5. 5. The teeth may be loose or may exhibit pumping move- ment when pressure is applied and released.1,3,4,6 AVMs can invade the skin where ulcerations and bleeding are common.1,11 Some “high-flow” lesions may result in con- sumption coagulopathy, requiring transfusion therapy.12,13 Multiple imaging modalities should be used to evaluate characteristics of AVMs such as size, flow velocity, flow direction, relation to the surrounding structures and lesion contents.2 There are no pathognomonic radiographic fea- tures to distinguish AVMs on plain radiographs. They may appear as bone erosion, sclerotic change, periosteal reac- tion or a cyst like radiolucent lesion. A sunburst effect, created by spicules radiating from the center, is often pre- sent.2,14 The lesions most often have a multiloculated appearance due to residual bone trapped around vessels. Small radiolucent locules may resemble enlarged marrow spaces surrounded by coarse, dense, and well defined trabe- culae. They may have a honey comb or soap-bubble pattern that is well demarcated from adjacent bone. The roots of the teeth in proximity of the lesion may show displacement or resorption. High-flow lesions tend to result in more destructive skeletal changes, appearing as moth-eaten and poorly defined areas of radiolucency.12 The radiographic differential diagnosis of these lesions include amelobla- stoma, ameloblastic fiboma, odontogenic myxoma, cent- ral giant cell granuloma and metastatic malignant tumors.6 Color Doppler ultrasound examination can provide infor- mation about the flow velocity. Contrast enhanced CT can be useful in assessing the AVMs. The drawbacks of CT are considerable exposure to ionizing radiation and limited information about blood flow.2 Angiography and MR imaging are the preferred imaging modalities.2,6,10,15 MRI depicts the anatomic relation of the vascular lesion with adjacent organs and the flow velocity of lesions. It is useful for evaluating the lesions postoperatively.2 Angio- graphy is currently the gold standard for the determina- tion of location and flow characteristics of vascular le- sions. Angiography is useful to determine blood vessels supplying blood to the lesion, and the relative venous out- flow characteristics, and the presence or absence of arte- riovenous shunts.3 According to Orbach, the angiographic features of AVMs include dilatation and lengthening of afferent arteries, early and preferential filling of shunts, delayed filling of associated normal arteries, early opaci- fication of draining veins and rapid flow to collateral ves- sels.16 Intentional transarterial embolization was originally des- cribed in 1969 by Lalli and coworkers.17 Treatment of vas- cular malformation with selective embolization procedure is currently highly recommended and often used. The pur- pose of the selective embolization is to abruptly cut off the blood supply of the lesion, reducing the risk of potentially massive and lethal blood loss after its rupture, enabling a more focused and selective surgical procedure with less morbidity and with maximal preservation of important structures.18 Various materials can be used for emboli- zation. They can be classified as either temporary or per- manent. Temporary materials include autologous clot or muscle, Gelfoam19,20 and microfibrillar collagen. Perma- nent agents include silicone spheres, lyophilized dura, PVA, isobutyl cyanoacrylate and stainless steel or plati- num coils. The most commonly used materials are Gel- foam and PVA. PVA was used in present case as it is nona- bsorbable and denser than Gelfoam.9 To conclude, vascular malformations represent some of the most difficult lesions to diagnose and treat. Interven- tional radiography plays an essential role in diagnosis and management of such lesions. With the use of this techni- que, extensive surgical procedures can be avoided so as to avoid facial disfigurement and functional compromise. Acknowledgements The authors are thankful to Dr. Rahul Kumar for his great help during preparation of manuscript. The authors would like to thank Dr. Avinash Kshar, Dr. Nivedita Ba- jantri, Dr, Alka Hazari, Dr. Praveen Kumar, Dr. Amit Ma- thur and Dr. Arati Oka for their co-operation. References 1. Buckmiller LM, Richter GT, Suen JY. Diagnosis and manage- ment of hemangiomas and vascular malformations of the head and neck. Oral Dis 2010; 16 : 405-18. 2. Hyodoh H, Hori M, Akiba H, Tamakawa M, Hyodoh K, Hare- yama M. Peripheral vascular malformations: imaging, treat- ment approaches, and therapeutic issues. Radiographics 2005; 25 (Suppl 1) : S159-71. 3. Nekooei S, Hosseini M, Nazemi S, Talaei-Khoei M. Embolisa- tion of arteriovenous malformation of the maxilla. Dentomaxil- lofac Radiol 2006; 35 : 451-5. 4. Lei ZM, Huang XX, Sun ZJ, Zhang WF, Zhao YF. Surgery of lymphatic malformations in oral and cervicofacial regions in children. Oral Surg Oral Med Oral Pathol Oral Radiol Endod 2007; 104 : 338-44. 5. Bai Y, Jia J, Huang XX, Alsharif MJ, Zhao JH, Zhao YF. Sclerotherapy of microcystic lymphatic malformations in oral and facial regions. J Oral Maxillofac Surg 2009; 67 : 251-6. 6. Mohammadi H, Said-A1-Naief NA, Heffez LB. Arterioven- ous malformation of the mandible: report of a case with a note on the differential diagnosis. Oral Surg Oral Med Oral Pathol ─ 127 ─ Neha Khambete et al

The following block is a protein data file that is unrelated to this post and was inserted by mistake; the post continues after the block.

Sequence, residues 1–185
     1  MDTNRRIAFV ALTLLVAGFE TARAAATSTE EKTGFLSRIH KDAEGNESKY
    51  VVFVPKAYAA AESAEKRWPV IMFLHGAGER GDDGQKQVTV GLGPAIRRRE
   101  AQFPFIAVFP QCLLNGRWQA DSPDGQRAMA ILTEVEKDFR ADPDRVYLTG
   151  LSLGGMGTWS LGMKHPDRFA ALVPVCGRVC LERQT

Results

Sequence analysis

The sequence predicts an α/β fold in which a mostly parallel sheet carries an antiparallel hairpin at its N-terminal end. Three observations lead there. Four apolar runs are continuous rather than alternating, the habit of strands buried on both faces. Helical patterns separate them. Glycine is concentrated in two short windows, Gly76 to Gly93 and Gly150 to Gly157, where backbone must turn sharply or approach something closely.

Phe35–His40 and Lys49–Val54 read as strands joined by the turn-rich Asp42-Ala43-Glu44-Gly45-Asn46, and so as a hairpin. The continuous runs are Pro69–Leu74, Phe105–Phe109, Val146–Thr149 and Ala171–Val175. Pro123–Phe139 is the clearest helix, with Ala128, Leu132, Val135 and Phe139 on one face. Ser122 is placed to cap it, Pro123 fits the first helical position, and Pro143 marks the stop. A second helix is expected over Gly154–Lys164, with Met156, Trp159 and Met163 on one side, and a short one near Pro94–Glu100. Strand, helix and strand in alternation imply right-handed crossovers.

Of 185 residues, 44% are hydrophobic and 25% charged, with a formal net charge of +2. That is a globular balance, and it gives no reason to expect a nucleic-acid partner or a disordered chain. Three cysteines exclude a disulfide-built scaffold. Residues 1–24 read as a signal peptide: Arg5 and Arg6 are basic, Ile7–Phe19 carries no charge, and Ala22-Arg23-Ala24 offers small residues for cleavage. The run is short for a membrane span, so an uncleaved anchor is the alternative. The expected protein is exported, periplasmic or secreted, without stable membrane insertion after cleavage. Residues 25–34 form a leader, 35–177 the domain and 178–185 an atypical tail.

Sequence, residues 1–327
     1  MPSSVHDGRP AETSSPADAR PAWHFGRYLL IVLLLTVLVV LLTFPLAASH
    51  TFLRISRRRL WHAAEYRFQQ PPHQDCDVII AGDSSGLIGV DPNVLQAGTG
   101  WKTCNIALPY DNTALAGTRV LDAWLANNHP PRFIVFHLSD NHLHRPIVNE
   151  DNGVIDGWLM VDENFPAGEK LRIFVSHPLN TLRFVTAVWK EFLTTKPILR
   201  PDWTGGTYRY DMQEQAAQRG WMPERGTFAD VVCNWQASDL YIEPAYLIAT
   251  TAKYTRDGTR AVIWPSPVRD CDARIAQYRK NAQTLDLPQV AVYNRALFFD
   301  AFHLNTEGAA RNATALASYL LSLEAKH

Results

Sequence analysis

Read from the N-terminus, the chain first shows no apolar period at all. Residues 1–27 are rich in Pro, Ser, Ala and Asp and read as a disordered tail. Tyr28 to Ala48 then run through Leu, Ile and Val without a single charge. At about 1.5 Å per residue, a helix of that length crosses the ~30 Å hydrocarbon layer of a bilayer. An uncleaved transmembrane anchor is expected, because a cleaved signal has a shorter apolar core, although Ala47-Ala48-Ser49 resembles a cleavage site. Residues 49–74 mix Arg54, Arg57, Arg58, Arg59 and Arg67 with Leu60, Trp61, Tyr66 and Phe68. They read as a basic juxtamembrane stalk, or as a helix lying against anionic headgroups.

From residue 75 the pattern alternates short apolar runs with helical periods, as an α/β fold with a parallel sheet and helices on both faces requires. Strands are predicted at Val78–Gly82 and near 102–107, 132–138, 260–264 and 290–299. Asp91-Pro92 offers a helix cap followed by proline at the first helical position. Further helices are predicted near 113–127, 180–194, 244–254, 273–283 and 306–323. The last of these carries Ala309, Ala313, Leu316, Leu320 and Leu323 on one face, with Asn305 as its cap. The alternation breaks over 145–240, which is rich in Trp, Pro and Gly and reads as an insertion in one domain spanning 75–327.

6. 6. Oral Radiol Endod 1997; 84 : 286-9. 7. Larsen PE, Peterson LJ. A systematic approach to manage- ment of high-flow vascular malformations of the mandible. J Oral Maxillofac Surg 1993; 51 : 62-9. 8. Noreau N, Landry P, Morais D. Arteriovenous malformation of the mandible: review of literature and case history. J Can Dent Assoc 2001; 67 : 646-51. 9. Caiazzo A, Mehra P, Papageorge MB. The use of preopera- tive percutaneous transcatheter vascular occlusive therapy in the management of Sturge-Weber syndrome: report of a case. J Oral Maxillofac Surg 1998; 56 : 775-8. 10. Lai QG, Li GJ, Yuan KF, Xu X, Wang YZ, Li YL, et al. Tran- sarterial embolization of a high-flow maxillary arteriovenous malformation fed by multiple arteries. Oral Surg Oral Med Oral Pathol Oral Radiol Endod 2009; 108 : e17-21. 11. Donnelly LF, Adams DM, Bisset GS 3rd. Vascular malforma- tions and hemangiomas: a practical approach in a multidisci- plinary clinic. AJR Am J Roentgenol 2000; 174 : 597-608. 12. Kademani D, Costello BJ, Ditty D, Quinn P. An alternative approach to maxillofacial arteriovenous malformations with transosseous direct puncture embolization. Oral Surg Oral Med Oral Pathol Oral Radiol Endod 2004; 97 : 701-6. 13. Speer AL, Panossian A, Arkader A. Stanley P, Anselmo DM. Vascular surgery for arteriovenous malformations. eMedicine from WebMD. Updated Aug 9, 2010. Available at http://eme dicine. medscape.com/article/459927-diagnosis. 14. Johnson LM, Cook H, Friedlander A. Central arteriovenous malformations of the maxillofacial skeleton: case report. J Oral Maxillofac Surg 1991; 49 : 759-63. 15. Woods NK, Goaz PW. Differential diagnosis of oral lesions. 4th ed. St. Louis: CV Mosby Co; 1991. p. 285. 16. Orbach S. Congenital arteriovenous malformations of the face. Report of a case. Oral Surg Oral Med Oral Pathol 1976; 42 : 2-13. 17. Lalli AF, Peterson N, Bookstein JJ. Roentgen-guided infarc- tions of kidneys and lungs. A potential therapeutic technic. Radiology 1969; 93 : 434-5. 18. Nagler RM, Braun J, Daitzchman M, Peled M, Laufer D. Selective embolization for head and neck vasculopathies. Oral Surg Oral Med Oral Pathol Oral Radiol Endod 2002; 93 : 127-31. 19. Anderson JH, Grisius RJ, McKean TW. Arteriovenous malfor- mation of the mandible. Oral Surg Oral Med Oral Pathol 1981; 52 : 118-25. 20. McKenna SJ, Roddy SC Jr. Delayed management of a mandi- bular vascular malformation. J Oral Maxillofac Surg 1989; 47 : 517-22. ─ 128 ─ Interventional radiography in management of high-flow arteriovenous malformation of maxilla: report of a case